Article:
I find printmaking inspiring because anyone can quickly start making successful prints with very few tools. It really opens the doors to producing a vision of your own on all kinds of materials: t-shirts, walls, stationery, stickers and so much more.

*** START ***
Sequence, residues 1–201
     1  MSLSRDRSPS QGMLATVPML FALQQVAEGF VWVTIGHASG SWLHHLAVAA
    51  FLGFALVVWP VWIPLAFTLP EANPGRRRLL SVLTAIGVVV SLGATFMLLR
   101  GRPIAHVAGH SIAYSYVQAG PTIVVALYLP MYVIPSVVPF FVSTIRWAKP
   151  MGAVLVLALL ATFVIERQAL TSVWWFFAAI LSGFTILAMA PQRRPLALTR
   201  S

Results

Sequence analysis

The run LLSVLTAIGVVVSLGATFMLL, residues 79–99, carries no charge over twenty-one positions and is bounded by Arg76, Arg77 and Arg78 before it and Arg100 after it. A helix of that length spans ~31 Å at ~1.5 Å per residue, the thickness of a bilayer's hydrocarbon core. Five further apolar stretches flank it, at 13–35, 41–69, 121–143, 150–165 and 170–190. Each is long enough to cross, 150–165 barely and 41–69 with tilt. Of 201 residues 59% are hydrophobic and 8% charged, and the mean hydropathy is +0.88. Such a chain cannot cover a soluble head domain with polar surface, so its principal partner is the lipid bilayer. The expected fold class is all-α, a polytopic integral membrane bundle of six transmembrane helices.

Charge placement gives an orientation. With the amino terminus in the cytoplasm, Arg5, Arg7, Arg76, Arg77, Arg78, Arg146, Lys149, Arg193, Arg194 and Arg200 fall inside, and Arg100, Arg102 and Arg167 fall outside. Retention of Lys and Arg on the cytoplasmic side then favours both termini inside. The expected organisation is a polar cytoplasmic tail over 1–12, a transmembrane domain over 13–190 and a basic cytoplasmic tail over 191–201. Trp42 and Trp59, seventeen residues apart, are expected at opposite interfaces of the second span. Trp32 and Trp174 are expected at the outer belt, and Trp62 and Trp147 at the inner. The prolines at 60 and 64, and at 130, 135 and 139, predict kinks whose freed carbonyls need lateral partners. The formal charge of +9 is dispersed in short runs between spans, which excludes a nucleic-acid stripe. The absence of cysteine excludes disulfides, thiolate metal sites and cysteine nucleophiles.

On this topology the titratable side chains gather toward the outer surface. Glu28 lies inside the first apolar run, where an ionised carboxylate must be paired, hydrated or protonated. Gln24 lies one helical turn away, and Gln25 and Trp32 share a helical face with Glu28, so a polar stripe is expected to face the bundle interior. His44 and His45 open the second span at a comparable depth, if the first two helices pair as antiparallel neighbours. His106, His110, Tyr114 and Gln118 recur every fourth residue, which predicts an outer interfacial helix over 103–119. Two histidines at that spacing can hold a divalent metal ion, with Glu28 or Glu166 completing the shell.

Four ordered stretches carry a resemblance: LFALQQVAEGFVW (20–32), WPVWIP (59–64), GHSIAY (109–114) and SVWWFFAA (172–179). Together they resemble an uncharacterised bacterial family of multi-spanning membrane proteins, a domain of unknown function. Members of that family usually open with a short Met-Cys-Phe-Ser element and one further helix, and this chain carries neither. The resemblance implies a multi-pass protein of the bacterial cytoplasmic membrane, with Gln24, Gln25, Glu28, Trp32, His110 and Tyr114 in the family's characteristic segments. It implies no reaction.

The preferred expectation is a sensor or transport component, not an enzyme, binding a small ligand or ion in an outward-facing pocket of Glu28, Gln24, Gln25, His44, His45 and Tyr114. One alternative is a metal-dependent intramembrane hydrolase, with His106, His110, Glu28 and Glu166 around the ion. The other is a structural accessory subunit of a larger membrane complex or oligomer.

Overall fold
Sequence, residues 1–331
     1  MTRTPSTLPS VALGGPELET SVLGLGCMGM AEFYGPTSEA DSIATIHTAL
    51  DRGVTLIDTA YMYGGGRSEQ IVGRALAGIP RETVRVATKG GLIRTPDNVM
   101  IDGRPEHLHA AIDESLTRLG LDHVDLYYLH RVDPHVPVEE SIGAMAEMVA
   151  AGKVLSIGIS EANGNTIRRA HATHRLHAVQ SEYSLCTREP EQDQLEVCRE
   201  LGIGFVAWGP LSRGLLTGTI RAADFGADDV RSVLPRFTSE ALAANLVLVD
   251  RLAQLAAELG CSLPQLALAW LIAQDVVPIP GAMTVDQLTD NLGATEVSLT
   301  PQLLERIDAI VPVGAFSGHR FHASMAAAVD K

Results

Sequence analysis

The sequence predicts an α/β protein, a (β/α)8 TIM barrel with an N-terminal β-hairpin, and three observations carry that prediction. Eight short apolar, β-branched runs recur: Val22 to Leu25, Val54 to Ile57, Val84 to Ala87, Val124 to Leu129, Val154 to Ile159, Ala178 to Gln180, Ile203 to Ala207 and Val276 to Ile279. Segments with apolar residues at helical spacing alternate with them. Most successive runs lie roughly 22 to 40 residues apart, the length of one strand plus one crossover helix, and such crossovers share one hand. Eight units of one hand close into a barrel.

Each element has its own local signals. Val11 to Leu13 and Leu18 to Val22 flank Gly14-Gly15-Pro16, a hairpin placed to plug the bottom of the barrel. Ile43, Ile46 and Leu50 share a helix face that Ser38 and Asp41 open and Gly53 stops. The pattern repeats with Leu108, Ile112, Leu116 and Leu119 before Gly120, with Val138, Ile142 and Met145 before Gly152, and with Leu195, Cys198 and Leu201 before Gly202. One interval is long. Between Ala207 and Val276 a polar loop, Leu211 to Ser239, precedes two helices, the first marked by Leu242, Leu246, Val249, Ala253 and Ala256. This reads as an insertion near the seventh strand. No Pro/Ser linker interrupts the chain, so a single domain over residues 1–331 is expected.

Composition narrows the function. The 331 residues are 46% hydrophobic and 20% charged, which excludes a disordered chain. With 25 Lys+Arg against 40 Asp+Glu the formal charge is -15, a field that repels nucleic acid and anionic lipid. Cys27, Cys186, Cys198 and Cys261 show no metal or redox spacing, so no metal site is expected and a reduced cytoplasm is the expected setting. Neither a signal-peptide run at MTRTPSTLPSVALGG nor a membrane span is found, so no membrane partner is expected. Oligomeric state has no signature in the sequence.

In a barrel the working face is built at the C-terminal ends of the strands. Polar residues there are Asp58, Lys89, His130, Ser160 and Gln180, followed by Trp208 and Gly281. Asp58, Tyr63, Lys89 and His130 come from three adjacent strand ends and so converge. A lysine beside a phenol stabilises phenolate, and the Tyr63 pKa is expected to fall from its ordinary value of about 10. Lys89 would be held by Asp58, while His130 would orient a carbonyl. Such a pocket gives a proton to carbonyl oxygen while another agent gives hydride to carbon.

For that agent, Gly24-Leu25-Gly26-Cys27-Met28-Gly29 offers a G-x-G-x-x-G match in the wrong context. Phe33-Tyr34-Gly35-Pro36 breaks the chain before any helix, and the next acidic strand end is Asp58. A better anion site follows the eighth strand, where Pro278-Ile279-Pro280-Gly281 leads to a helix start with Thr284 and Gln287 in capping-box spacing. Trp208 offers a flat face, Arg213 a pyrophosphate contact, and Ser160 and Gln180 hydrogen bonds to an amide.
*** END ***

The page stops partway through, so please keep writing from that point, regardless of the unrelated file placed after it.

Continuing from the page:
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1. Introduction: Hello. Welcome to this introduction to block printing with rubber stamps. We're going to cover the tools and techniques of doing block printing with rubber and that will be a great preparation for the next class which will be about block printing with wood. The project for this class is an animal. It can be your own pet or just an animal that you really like. I don't have a pet, so I'm doing this project with a pug. We'll make a pack of postcards that you can keep for yourself, or send them out, or maybe their greeting cards or something or you can even package them up and make them a nice gift for the holidays. [inaudible] and I love printing. I've been doing printing since I was a kid and I'm really excited to take you through this process because I think you're really going to enjoy it. But first things first, let's do a quick overview of the process and get you a supply list of the stuff that you'll need to get going with printings. That will all be in the first video. 2. Overview & Choosing Your Subject: Thanks for coming along on this printing adventure. I think you're going to actually enjoy the process quite a lot. I enjoy carving, I find it really soothing. Here's how we're going to roll. First, you're going to pick out a subject. This can be a pet that you have, this can be one of your friends pets, or it can just be a random animal that you love. Or you don't have to do any animal at all. You can do a completely different design and this is all up to you. Whatever you really feel like getting into. We'll convert the subject into a simple black and white image. Then we'll transfer that image to a block, and we'll carve out the white parts or the light parts of the image. Then we will apply ink and press a print. That's it. Really easy. Once you have the tools, you can start carving your work and you can get printing really quickly. Obviously, those tools you can go over and over again for years to come. If you really enjoyed this process, it's easy, it's cheap to get going, and you'll have skills that you can use to build into more advanced forms of printing later on. Starting with the first bit, the image. Do you have a good headshot of your pet? If you have something that shows off light areas and dark areas and you can really see the animal's face, that's going to be ideal. If you have something that's like a dark cat in a black room, that's going to be less ideal. Same thing with like white dog in the snow. Not really the image we're looking for here. What you want is something with a lot of contrast, and hopefully you have that face front in the center because that's really going to be the personality part of the project that's going to make your print come to life. You want to find an image that really isolates the animal, and then we'll play off its natural contrasts with a little bit of photo editing. This plug is great. It's got dark areas, it's got light areas, it's got neutral background, it's got a recognizable face. This is going to be the project that I'm going to be working on through this class. Once you have an image you like, post it in the project galleries, start your project, we'll see what your classmates post, and that'll be the beginning of this process. In the next video, we'll move on to image preparation and supplies. 3. The Supplies You Need to Start: Unless you've done this printing before, you're probably lacking a few of the supplies you need to do block printing. You're going to need to make a trip to the art store or go online and find the supplies. The things that you absolutely need are a basic kit of carving tools. I have one here from a company called ABIG. I don't know how you pronounce that but it's essentially just linocut tools and that'll be fine. I'll show you what's in the package here. We have the knife holder. There are several blades. This one comes with a set of five blades. Then there's also this little dowel device that is used to get the blade back out of the device. You just push it straight out through this little hole here and that's really useful. That's the curving kit and it shouldn't cost you a whole lot for a basic curving kit. There are more advanced versions of these, but if you're just getting started, the basic kit is really all you need. Second, the curving block. This is a curving block that has a flexible vinyl and you can actually use both sides. If you want to start practicing on one side and then flip it over and do your final cut on the other side, that's absolutely an option. Some people start out practicing with erasers, for example. But when you actually do your print, it's nice to have something that's of good quality. This one is made in Spain by a company called Factis but Speedball makes the same thing in the United States. Then there's printing ink. I'm using printing ink that I've had on hand. Again, Speedball is a good company for this kind of thing. They make printing inks that are going to be just right for your project. Finally, paper. There's a lot of paper options you can use. For this project I'm using bamboo and rag paper blend. The sheets are fairly thick. Honestly, there's a lot of options. You can use watercolor paper for this. You can use interesting Japanese papers that are made out of fiber. Some of that comes down to personal taste. You might want to experiment with different paper. The paper that you use should be relatively stiff because we're going to be using it for postcards. You want something that's going to hold up in the mail. A few more things that you're probably also going to want, although they're not absolutely necessary, the brayer. This is a classic printing tool. I have a squishy rubber brayer. This one comes from Speedball. Again, they make a lot of printing supplies. It's nice because you have this flat edge on the side so you can just set it up and if it's full of ink, you're not going to get ink all over your surface, which I love. I also like to have a brush. This is just a really basic brush that I got from a home supply store. Sometimes when I'm doing a proof, I like to just brush the ink onto the brayer. Although if you're doing a lot of prints, you will want to pour some of the ink out and use the brayer to pick up the ink off of a surface. But if you're just doing one, sometimes it's nicer. Just brush the ink on because it saves you a little time. The other thing that I really like is a tiny brush, a little one. You can see here, this one has a flat edge on the top. It's really nice for making little touch ups on edges or anything that you think needs a little bit of manipulation. I also like to use a standard graphite pencil for doing transfers, we'll see that a little bit later. You may want to have something like a ballpoint pen to do the transfer. Again, you can use the pencil for this option. For dealing with your image, it's really nice to have a computer with some photo editing software and a printer so then you can print that out and get your image ready for the image transfer. One more thing, cutting mat. I really like to have a vinyl cutting mat. It's not absolutely necessary, but it's really good if you're working on a table surface so that you absolutely aren't going to gouge out the table by accident. It's just nice to have for a lot of projects. So I'll post to supply list with all this stuff in the project description area. You can download that and print it out and take it to the art store or go online with your checklist. In the next unit, what we're going to talk about is image manipulation that we're going to use before we make the transfer to the block. 4. Preparing Your Image: Here's my pug. The first thing that I'm going to do is to go up to the image menu and make sure that we have the right size. The size of my rubber block that I'm going to be carving is 16 by nine. First we'll resize the image, favoring the height, and then widen the canvas a little bit. That's about, all right, 16 by nine. Okay, we're looking good. I'm going to move him over in the frame just a little bit. I'll do that by making a copy. The next thing I'll do is change this image into black and white. You really don't need all that color, it'll just confuse us. There we are, he has a lot of gray here. If you want to bring this down to an even more simple image, go up to Image Adjustments and under Posterize, you can adjust the levels. If I want to bring it down to just a really basic version, I can set it at something like eight or four or even [inaudible] and you end up with something that's much easier to define the definition between the light areas and the dark areas. So that's what we're looking to do with this image preparation step. You just want to make the image a lot easier to isolate so that when you do the transfer, the areas that you need to focus on are reading loud and clear for you. I will print this out and we'll get ready for the next step, which is the image transfer to the block. 5. Transferring Your Image: So what I'm doing right here is I am putting a lot of graphite on the back of the image of the pog that I have and this graphite is going to act as carbon paper. If you happen to have carbon paper, that's great, but this is a really quick and easy way to put that carbon onto the rubber block for a transfer. Once I have good coverage there, the next thing I'll do is put down my rubber block, I'll turn it around, I'll get this thing positioned correctly, hold it down, and I can either take my pencils or I can take a pen and just trace around my pog. You can see I'm just going over the edges, I'm blocking out those areas that I know I'm going to want to position on my rubber block. Let me just peel this back and show you, you can see now where I have my positioning. I can make sure that this is all very clear so that when I come in to my carving, I know where I'm going to be putting those light parts and those dark sections. You can see it coming through. So the carbon transfer gave me my placement. Now I just come in, I look at the original and I do some more line work, I make it more defined, I make it more obvious where we're putting those blacks, where we're putting the whites. At this point I'm feeling pretty good about the transfer, it's pretty true to the image, I have those dark areas and the light areas. I think I'm about ready to carve. So that's the transfer process, just make sure that you get to the point where you're comfortable, that you know where you're going to start doing those carves. Then in the next video, we'll just get out those knives. 6. It's Time to Carve Your Block!: My initial layout here is ready to go. I've got my knife out and ready. The first thing I'm going to start doing is outlining this with the straight edge. You want to keep a good hold on this and keep your fingers out of the way obviously, and just go along the edge and grid out those areas that are going to become the white areas versus the dark areas. Once I have that outline, I'm going to switch out the blade and I'm going to get out my big gouge. This is the u-gouge tool and this is the tool that I'm going to be using for the background. You can start wherever you want, but I like to start with doing the big cuts that are going to help me define the shape of this animal. I dip in and I move slowly and preserving a little bit at the edge, and you'll notice that I lighten up at the edge of this cut. Now that's going to give me a rough border, and I think that's going to be really good for this. As I move it along here, I'm going to keep a little bit of space between my gouge as on the outside because I think it's going to give him a nice halo or corona effect. Or you could just gouge out the entire area here with a medium to deep gouge, and that will give you the effect of having no texture in this area. But I do want to keep a little bit of it, so I'm going to maintain a bridge between my cuts. You want to keep those cuts slow, smooth, and in control. You don't want to let that knife get away from you. This is the point in the process that I'm going to take my time, I'm going to do the work deliberately and carefully, and when I feel like the images really beginning to come out, that's when I'm going to start doing proofs. I'll do a little carving, I'll take a proof, I'll see what it looks like. The proof really is in the proof. When you do a sample in that way, you can see it's going to need more of this, it's going to need a little bit more dug out over here to bring out the light parts and you can really see at that point where you're carving is. It's also nice once you get a little bit of ink on your block to see where those light and dark parts are and what's raised on the surface that's going to actually print on your page. We'll go over all of that in the next video. But keep in mind that once it's gone, it's gone. Go conservative and we'll do several proofs throughout this process. I like to do at least four or five just to see where things are at at each point in the continuation of the carving. 7. Proofing As You Go: I'm just going to take a quick proof here. This paper isn't even sized really correctly, but it'll give us an idea of where we're at. Looking at this, it looks like his muzzle is still heavy there on the side, so I'm going to carve a little more out of that. Looking pretty good overall, but maybe in the chest to carve out some of that space, make him a little bit lighter. Let's look at a few actual proofs. I can see in the first one it's still pretty heavy, I've got a lot of muzzle on there. In the second one I've taken out some of that muzzle, lightened it up a bit. In the third there's yet more material gone, and then in the fourth I've lightened up the chest quite a lot. You can see the progression across these proofs, and this is exactly what you're going to experience as you do proofs of your own work. Feel free to add a few of those proofs to your project as you progress along. I think it's a really interesting process to share. In the next video, we'll do our final prints and we'll look at the difference between proofing and actually printing. 8. Making Your Final Prints: Moment of truth here, I'm happy with the curving, I'm happy with the proofs, and it's time to do some actual printing. What's the difference between printing and proofing? Well, not much. The difference that I would say is that sometimes I use like a higher-quality paper, and sometimes for printing versus proofing, if I'm proofing, I might use the wrong size or just not pay as much attention to it. For printing, this is the real deal. I'm going to take my brayer and I'm going to ink it up. Let's see how it goes. I want to make sure I'm getting ink all the way out to those corners. That's something I often miss. So little tip for you. When you have a nice even coating, then it's time to put down your paper. I'm going to square that up, and just press really well all the way along the design just like you do with pass. I'm going to pick it up, and there we are, print. 9. What's Next?: So here we go. Dried print, ready to go and I can make a lot of these if I want. I can just put a line on the back of this. I could even customize it a little bit more if I wanted to make my own printing press look and feel. The options that I have here at this point are I can start coloring this by hand if I want to. I could throw some confetti and sparkles on it if it's somebody's birthday and I wanted to make it a little bit special for them. I could make it into a valentine card, just throw few hearts on it. There's an option to do another stamp over the top of it. If you wanted to do something like merry pugmas. It's really all up to you what kinds of effects you want to do. You could even start stamping on patterned paper, things that have an effect already behind them and you can get some really interesting looks. So from this point, you have the basics in carving these blocks and you have the tools to move on to wood carving. That's what we're going to do in the next video that I produced. I hope you'll join me for that one too. Thank you so much for joining this class and I can't wait to see the projects that you guys can do.